Articles by
Chris Coyier

Founder, writer, designer, spam-deleter, email personality

Opera Neon

Hot takes!

  • I wanted to give it at least a few days of full-time use, but you can't use extensions (yet?). The web is too hard for me to use without 1Password and Ghostery.
  • The UI feels fresh and interesting. UI polish seems like an excellent direction for Opera to go. Since moving to Blink they aren't spending (as many) resources on under the hood browser stuff, they might as well polish up the hood itself. It's neat how it uses your desktop background as its background. It's not transparent, though, it's just a duplicate image.
  • The pop-out videos are pretty sweet. Safari can do it (awkwardly), but the tray of media in Neon is an upgrade. I don't understand why Chrome and Firefox can't do this... isn't it a macOS level thing?
  • Weird bug: doesn't seem like you can ⌘V paste into the address bar?

WebSlides

Looks like a nicely done little system, by José Luis Antúnez for creating presentation slides.

WebSlides makes HTML presentations easy. Just the essentials and using lovely CSS.

An alternative to reveal.js. I like how it utilizes other open source projects.

I always feel like I should be using things like this for my presentations, as someone who normally very much likes working in HTML and CSS. But for some reason, I always reach for Keynote or Slides.com. I think it's a brain-modes thing. When I'm in "I need to work on what I'm going to say at this presentation" brain-mode, I don't want to be messing with markup, I just want to write and maybe pluck at some UI controls.

Modernizing our Progressive Enhancement Delivery

Scott Jehl, explaining one of the performance improvements he made to the Filament Group site:

Inlining is a measurably-worthwhile workaround, but it's still a workaround. Fortunately, HTTP/2's Server Push feature brings the performance benefits of inlining without sacrificing cacheability for each file. With Server Push, we can respond to requests for a particular file by immediately sending additional files we know that file depends upon. In other words, the server can respond to a request for `index.html` with `index.html`, `css/site.css`, and `js/site.js`!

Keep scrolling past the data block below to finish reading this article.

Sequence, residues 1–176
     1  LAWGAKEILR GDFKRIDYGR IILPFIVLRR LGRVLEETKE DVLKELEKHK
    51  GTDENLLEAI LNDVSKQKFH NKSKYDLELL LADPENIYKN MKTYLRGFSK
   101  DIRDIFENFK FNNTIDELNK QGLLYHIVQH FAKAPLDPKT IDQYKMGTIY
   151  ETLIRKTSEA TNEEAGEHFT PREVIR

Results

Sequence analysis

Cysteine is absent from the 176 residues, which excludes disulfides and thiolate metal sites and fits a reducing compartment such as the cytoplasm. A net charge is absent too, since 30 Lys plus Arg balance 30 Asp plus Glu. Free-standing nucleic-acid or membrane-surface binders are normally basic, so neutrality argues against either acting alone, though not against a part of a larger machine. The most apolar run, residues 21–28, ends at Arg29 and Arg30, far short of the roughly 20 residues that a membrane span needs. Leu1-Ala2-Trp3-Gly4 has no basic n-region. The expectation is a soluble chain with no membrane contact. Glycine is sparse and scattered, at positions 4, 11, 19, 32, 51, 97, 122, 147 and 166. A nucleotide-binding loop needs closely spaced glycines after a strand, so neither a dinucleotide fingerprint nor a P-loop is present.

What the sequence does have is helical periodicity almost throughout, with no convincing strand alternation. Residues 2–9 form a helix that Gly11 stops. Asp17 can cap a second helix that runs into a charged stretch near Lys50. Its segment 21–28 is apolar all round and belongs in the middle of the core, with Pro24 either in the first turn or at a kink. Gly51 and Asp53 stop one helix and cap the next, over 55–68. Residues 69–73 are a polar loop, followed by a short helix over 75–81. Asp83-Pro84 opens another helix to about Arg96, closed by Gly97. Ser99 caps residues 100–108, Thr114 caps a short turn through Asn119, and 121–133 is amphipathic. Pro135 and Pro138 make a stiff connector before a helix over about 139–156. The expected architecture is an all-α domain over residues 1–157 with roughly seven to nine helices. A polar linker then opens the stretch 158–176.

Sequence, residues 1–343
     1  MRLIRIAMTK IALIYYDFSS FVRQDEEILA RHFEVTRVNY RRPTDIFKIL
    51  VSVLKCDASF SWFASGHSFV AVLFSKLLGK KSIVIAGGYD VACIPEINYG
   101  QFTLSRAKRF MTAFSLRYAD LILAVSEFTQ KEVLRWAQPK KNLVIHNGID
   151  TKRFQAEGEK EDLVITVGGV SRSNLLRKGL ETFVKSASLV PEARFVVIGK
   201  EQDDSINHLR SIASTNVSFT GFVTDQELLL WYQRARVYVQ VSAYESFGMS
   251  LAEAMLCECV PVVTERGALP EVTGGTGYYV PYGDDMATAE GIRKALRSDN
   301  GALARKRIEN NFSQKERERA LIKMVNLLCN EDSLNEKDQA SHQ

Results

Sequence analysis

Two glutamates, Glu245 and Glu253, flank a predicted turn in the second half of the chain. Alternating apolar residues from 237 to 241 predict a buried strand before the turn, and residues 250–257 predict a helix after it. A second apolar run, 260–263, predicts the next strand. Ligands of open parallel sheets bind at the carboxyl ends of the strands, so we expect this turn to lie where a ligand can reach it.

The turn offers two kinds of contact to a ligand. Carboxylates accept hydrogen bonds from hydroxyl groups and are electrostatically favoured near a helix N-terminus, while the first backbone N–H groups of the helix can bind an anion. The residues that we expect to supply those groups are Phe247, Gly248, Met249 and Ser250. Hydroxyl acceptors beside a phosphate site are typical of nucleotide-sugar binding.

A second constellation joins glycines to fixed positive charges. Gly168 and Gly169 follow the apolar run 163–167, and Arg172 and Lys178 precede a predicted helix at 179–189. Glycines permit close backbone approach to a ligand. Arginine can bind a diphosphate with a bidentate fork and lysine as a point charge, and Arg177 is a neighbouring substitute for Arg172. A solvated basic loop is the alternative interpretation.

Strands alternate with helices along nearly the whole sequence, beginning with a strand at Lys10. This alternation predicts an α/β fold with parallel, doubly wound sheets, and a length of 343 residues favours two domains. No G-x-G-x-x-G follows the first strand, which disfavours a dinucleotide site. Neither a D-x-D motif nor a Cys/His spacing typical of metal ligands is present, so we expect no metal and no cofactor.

Server push seems like one of those big-win things that really incentivize the switch to H2. We have an article about being extra careful about caching and server push.

Sponsored: Analytics for Lazy Developers

Here's an incomplete list of analytics tools I've personally used: Google Analytics, Alexa, Gauges, FullStory, NewRelic, and Woopra.

Perhaps you've used some others? Mixpanel, Heap, KISSmetrics, Rollbar?

They are all different and do interesting and valuable things for our businesses. Integrating them means integrating their third-party JavaScript into your site. What if you want to add one or remove one? You're back in the code making all those adjustments. And heaven forbid one of them updates its API...you're on the hook for integration maintenance indefinitely.

Enter Segment.

Segment is the data hub that routes your data directly to these analytics tools (and hundreds of others, for advertising, data warehousing, CRM and others). You're still using your favorite tools, but you only have to integrate Segment into your site or apps. Segment then sends all the appropriate data to the other tools.

Lebab

Turn your ES5 code into readable ES6 (sugar-syntax). It does the opposite of what Babel does.

David Walsh has a post on it. I'm interested, as I'm still working on my muscle memory for ES6. Even the simple stuff. So blasting some old code through this as a kick start seems appealing.

The Road to SVG and Custom Elements in Clarity Icons

Another day, another design system deciding an SVG icon system is the way to go.

Everybody has their own set of considerations when making a choice like this. Scott Mathis documents the major considerations for Clarity: Opting-out, sizing, multi-colors, interactivity, scale, and the future. Based on these, they actually ended up on a custom element (<clr-icon>, which is inline <svg> under the hood), just like Etsy.

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